Home » Free and open-source software (FOSS) is here to stay. Although most FOSS projects don’t go anywhere, those that

Free and open-source software (FOSS) is here to stay. Although most FOSS projects don’t go anywhere, those that

The recent compromise of SolarWinds’ Orion software has led to lots of largely ineffective hand-wringing. I’ve seen more time spent on talking about whom should be blamed for the incident than on how to mitigate the damage that it caused or to reduce the chances of a similar incident happening in the future.

But it has motivated the creation of lots of new initiatives to increase the security of software by adding all sorts of additional processes and oversight to software engineering organizations. These efforts might provide some small, incremental gains in the security of software, but they are probably doomed to do little more than that.

Security of code simply isn’t a priority for some developers, and it’s going to be very hard to change that for much of the software currently in use. And it’s probably the case that even the most careful and thorough software security engineering practices are not going to produce secure commercial software. Here’s why.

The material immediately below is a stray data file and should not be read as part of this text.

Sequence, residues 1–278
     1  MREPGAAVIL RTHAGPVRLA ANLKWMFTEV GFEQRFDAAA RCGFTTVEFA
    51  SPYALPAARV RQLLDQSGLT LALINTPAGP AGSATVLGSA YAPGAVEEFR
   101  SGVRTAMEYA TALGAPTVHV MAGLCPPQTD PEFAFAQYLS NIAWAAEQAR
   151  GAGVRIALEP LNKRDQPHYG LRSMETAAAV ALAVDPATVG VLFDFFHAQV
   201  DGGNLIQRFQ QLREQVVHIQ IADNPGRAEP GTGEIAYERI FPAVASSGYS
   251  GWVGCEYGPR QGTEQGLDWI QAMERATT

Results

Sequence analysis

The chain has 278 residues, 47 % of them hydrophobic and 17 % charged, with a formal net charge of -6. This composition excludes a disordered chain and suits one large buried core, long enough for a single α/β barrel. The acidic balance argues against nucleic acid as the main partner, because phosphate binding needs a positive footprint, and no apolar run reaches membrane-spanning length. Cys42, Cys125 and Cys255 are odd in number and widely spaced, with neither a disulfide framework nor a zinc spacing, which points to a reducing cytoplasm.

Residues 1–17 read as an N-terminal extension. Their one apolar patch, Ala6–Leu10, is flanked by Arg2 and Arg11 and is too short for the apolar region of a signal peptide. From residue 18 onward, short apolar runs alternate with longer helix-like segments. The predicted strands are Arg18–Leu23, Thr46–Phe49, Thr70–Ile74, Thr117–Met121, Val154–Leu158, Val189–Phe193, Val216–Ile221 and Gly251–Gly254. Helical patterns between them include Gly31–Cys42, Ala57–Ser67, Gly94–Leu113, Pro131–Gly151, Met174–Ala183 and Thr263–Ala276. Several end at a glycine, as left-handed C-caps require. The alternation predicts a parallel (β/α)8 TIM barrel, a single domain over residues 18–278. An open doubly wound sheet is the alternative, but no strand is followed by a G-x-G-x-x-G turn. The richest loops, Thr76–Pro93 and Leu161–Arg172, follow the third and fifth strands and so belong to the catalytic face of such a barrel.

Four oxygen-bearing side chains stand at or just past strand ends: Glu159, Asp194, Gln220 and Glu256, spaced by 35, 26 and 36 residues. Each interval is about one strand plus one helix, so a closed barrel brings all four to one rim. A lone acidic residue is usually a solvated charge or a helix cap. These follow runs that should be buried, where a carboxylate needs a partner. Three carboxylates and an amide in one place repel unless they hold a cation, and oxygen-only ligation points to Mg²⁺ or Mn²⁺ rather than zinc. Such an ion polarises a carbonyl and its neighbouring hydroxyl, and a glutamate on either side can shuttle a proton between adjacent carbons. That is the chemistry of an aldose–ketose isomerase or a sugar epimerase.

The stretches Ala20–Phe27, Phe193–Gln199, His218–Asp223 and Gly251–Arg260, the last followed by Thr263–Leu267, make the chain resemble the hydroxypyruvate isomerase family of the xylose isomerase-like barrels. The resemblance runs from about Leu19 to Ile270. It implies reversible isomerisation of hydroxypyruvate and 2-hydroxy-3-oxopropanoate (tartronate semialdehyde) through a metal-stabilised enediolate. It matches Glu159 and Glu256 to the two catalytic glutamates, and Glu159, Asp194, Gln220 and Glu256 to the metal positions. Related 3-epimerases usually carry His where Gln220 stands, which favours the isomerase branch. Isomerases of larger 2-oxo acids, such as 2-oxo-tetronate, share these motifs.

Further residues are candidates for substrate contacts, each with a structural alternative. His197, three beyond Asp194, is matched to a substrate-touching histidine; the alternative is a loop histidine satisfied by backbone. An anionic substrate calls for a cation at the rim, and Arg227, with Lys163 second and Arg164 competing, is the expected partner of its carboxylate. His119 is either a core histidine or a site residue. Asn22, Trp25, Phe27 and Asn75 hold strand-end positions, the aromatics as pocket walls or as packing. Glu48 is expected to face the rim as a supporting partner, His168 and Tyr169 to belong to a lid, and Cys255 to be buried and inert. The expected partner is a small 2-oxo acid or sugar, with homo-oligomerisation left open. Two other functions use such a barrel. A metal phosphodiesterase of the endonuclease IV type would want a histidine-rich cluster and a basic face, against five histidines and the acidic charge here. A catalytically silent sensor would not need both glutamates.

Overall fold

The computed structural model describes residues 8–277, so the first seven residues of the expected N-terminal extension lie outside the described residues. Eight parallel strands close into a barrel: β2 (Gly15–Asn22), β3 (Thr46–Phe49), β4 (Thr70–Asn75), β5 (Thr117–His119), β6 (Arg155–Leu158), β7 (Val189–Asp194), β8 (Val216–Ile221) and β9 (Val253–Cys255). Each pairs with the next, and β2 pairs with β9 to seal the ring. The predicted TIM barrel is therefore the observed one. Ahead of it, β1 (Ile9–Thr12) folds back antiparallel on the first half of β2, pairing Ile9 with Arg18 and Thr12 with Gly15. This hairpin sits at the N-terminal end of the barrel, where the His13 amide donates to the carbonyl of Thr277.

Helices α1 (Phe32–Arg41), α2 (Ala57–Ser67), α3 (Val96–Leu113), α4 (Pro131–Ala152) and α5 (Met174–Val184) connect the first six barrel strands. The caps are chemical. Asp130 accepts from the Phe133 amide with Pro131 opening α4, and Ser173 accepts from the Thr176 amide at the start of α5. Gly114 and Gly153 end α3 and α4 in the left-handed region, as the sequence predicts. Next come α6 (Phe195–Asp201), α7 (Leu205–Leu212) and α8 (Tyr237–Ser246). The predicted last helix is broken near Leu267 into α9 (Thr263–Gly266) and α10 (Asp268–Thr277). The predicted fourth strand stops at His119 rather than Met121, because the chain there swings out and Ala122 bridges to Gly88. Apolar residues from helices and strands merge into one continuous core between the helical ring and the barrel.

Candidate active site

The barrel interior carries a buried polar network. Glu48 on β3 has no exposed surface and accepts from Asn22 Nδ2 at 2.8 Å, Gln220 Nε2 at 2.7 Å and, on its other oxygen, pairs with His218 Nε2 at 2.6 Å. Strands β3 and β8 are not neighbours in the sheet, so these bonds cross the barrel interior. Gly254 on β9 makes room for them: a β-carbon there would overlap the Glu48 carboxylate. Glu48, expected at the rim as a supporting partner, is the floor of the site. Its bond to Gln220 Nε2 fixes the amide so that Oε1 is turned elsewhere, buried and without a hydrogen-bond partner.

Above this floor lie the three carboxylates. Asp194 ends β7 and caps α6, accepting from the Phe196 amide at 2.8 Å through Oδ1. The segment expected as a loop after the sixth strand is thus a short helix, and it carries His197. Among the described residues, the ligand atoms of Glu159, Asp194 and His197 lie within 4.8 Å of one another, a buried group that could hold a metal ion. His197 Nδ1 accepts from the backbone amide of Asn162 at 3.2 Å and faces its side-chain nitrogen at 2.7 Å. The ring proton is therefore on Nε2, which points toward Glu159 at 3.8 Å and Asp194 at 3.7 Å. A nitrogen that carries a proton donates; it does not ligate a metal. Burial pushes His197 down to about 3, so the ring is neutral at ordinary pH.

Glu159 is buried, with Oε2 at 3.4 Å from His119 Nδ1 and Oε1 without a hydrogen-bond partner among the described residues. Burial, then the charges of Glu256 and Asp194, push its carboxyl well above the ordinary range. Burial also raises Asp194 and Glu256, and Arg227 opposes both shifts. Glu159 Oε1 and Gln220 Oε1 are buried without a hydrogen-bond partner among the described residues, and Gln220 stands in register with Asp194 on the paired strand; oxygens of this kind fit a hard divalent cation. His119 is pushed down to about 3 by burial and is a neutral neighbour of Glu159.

The problem with FOSS
Free and open-source software (FOSS) is here to stay. Although most FOSS projects don’t go anywhere, those that do can end up making a huge difference. Lots of the Internet now runs on the FOSS LAMP stack—the Linux operating system, the Apache web server, the MySQL database, and the PHP programming language. Commercial alternatives for each of these exist, but they have yet to gain the level of acceptance and use that their FOSS competitors have. Similarly, FOSS components are part of essentially all commercial software these days.

It isn’t easy for software companies to get their developers to take software security seriously. My experience has been that it takes a significant effort backed by the highest levels of management to get this to happen. But it has happened in some places, and the quality of software has dramatically increased in many cases because of these efforts.